As Peter Kosgei brushed past the tape to win the 12th Standard Chartered Nairobi International Marathon yesterday, a man over three times his age was coming to terms with the reality that in his sunset years, his country is yet to fully appreciate his heroic efforts. Wilson Kiprugut arap Chumo 75, is the shujaa (hero) that time forgot, living up to the adage that no one remembers who came second or third in a race.
And this is despite the fact that his feat at the Olympic Games in Tokyo in 1964 opened the door for Kenyan athletes including the legendary Kipchoge Keino, to put Kenya on the map of medal-grabbing long distance running.
After coming away empty-handed from the Olympics in Melbourne Australia in 1956 and Rome in 1960, Kenya won her first medal on October 16, 1964 in the Tokyo games, a bronze in the 800m courtesy of Kiprugut. On the Golden Jubilee of this historic win and 85 Olympic medals later, The Standard caught up with Chumo at his home in Kipchebor village, Kericho County. His story is in some measure a sad indictment of a nation and officialdom that completely neglects those who lay the foundation for future generations.
Born in 1938 to Chumo Cheptelmet and Martha, Kiprugut attended Kapteswoa Intermediate Schools in the present-day Sitotwet sub-county. A young Chumo had to walk nine miles (14.5km) to school.
“If you wanted some form of education back then, with schools few and far between, you either covered the daily distance or stayed home and looked after your father’s herds. And of course you were never going to walk nine miles, so running it was,” he says.
Interviewing this living legend was a walk in the park for this writer. Using his photographic memory, Chumo narrated past events in perfect chronology that made the writer feel he was there. This father of nine (one deceased) could even recall the specific dates.
A member of Kenya’s contingent to the 1962 seventh British and Commonwealth Games in Perth, Western Australia, Chumo’s budding talent had seen him recruited into the Kenya Army, then known as the Kings African Rifles, in 1959.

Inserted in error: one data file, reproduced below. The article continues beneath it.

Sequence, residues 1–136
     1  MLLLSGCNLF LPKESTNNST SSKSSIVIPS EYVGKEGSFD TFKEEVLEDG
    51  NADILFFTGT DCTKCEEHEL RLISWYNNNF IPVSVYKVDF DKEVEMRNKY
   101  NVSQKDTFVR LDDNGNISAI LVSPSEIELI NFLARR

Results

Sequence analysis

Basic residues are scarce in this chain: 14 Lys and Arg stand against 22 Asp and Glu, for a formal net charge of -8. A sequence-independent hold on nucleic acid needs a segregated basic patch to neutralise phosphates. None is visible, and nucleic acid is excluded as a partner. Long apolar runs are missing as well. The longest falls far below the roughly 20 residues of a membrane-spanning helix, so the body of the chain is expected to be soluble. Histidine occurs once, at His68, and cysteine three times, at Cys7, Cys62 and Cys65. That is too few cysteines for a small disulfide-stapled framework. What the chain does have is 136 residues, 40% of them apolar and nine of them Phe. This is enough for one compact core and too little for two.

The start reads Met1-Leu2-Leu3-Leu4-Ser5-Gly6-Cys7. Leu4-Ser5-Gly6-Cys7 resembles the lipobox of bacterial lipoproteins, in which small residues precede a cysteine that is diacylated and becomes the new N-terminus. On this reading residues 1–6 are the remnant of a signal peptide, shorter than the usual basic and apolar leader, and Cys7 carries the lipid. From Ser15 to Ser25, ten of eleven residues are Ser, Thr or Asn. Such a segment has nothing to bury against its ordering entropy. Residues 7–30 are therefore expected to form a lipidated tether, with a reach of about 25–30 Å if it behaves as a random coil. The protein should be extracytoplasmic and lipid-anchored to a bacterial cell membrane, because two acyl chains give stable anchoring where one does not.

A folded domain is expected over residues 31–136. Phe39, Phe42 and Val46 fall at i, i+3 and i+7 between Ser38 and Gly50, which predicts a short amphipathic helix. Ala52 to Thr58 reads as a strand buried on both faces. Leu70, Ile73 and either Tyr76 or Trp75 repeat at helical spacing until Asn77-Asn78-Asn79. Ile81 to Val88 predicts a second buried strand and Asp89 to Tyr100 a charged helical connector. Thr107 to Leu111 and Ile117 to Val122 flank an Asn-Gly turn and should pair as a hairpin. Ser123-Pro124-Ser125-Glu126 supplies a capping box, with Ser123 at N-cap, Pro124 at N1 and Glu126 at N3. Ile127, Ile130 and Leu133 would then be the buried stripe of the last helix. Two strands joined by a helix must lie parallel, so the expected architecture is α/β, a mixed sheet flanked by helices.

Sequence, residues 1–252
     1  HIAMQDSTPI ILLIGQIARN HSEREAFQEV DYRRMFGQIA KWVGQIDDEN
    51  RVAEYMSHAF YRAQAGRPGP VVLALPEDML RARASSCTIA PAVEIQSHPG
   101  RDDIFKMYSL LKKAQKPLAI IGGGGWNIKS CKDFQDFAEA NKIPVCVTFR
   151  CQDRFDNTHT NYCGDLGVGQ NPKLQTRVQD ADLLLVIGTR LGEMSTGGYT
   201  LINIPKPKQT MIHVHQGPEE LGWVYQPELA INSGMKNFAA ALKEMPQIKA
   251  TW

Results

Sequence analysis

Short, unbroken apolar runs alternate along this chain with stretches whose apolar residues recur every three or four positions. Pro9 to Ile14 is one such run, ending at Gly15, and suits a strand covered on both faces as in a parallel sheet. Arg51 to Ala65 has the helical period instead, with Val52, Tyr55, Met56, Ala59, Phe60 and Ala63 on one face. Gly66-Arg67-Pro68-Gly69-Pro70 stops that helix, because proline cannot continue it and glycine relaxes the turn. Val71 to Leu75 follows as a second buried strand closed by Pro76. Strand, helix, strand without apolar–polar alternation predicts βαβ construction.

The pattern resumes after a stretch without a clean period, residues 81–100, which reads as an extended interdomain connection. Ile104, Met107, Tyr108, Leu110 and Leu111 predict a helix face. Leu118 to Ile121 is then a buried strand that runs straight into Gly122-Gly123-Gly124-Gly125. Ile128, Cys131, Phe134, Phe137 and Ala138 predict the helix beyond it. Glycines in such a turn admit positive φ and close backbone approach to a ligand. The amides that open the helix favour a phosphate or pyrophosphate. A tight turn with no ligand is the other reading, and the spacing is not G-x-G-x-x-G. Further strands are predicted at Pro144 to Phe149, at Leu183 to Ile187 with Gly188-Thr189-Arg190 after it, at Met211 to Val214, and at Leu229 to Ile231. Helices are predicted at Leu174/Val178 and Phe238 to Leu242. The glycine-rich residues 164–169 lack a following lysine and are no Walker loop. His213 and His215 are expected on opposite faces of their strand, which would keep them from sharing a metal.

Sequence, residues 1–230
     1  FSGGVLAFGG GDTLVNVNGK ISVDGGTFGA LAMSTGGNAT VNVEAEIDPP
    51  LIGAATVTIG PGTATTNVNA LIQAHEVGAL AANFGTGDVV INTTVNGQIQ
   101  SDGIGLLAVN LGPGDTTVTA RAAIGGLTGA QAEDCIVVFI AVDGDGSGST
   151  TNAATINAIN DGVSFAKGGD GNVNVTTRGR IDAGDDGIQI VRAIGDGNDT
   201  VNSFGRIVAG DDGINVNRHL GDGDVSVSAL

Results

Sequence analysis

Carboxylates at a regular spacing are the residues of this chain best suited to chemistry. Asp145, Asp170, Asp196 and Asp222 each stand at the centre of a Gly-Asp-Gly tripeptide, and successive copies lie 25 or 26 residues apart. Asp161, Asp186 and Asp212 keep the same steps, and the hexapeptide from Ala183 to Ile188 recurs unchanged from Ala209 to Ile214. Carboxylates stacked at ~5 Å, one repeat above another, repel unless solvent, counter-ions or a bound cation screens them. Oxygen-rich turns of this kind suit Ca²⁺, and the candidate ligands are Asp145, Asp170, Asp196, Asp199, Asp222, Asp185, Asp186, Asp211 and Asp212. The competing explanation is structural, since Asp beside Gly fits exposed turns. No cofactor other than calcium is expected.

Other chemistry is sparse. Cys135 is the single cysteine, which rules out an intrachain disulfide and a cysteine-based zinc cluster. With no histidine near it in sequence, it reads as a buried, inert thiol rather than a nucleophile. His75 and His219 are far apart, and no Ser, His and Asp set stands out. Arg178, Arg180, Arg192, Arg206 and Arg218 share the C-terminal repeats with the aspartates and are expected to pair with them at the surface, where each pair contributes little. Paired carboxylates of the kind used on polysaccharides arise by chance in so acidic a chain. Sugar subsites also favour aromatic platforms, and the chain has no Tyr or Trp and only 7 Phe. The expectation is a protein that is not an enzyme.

In Perth, Kenya won five medals, with the two most memorable one’s being at the 110 and 220 yards (today’s 100m and 200m) gold double by Seraphino Antao from Mombasa, a town not well known for athletics.
“After Antao’s double gold sprint from Perth and with hurdler Kimaru Songok in super form, we were sure of glad tidings in Rome. Sadly for the team, both Antao and Songok fell sick while in Tokyo,” says Kiprugut.
“I broke the existing Olympic record with a 1:46.01 run in the semis and was very confident of a possible gold in the final. This was never to be because in that final on October 16, 1964, I lined up against the world’s finest middle distance runner of the day, New Zealand’s Peter Snell,” he adds.
Kiprugut gave it his all “shifting gears several times” but Snell remained a gear higher.
“He broke my short-lived Olympic record and such was his speed that whereas I too broke my 1:46.01, the clock stopped for Snell at 1:45.1, Canada’s Bill Crother’s at 1:45.6 and my own 1:45.9,” he recalls.
Snell, three years younger than Chumo and now living in the US, retired from active athletics after a brief but blistering career.
He held five world records, won three Olympic titles and is the only man to have won the 800m and 1,500m in the same Olympics. That was in Tokyo, where he was not only the defending 800m champion from four years earlier in Rome, but also the existing world record holder.
With a historic Olympic medal, Kiprugut got a hero’s welcome at Nairobi’s Embakasi airport.
“My feet never touched the ground for I was carried shoulder-high by members of the Kenya Hockey team from the plane into the airport lounge and later into our team bus,” he says wearing a broad smile.
Kiprugut was Kenya’s team captain at the inaugural All Africa Games in Congo Brazzaville in 1965.
“I received the country’s flag from President Jomo Kenyatta at Gatundu and I recall him telling me, ‘Watoto wetu nendeni salama na mlete sifa yetu’ (Our children, go in peace and make us proud),” he says.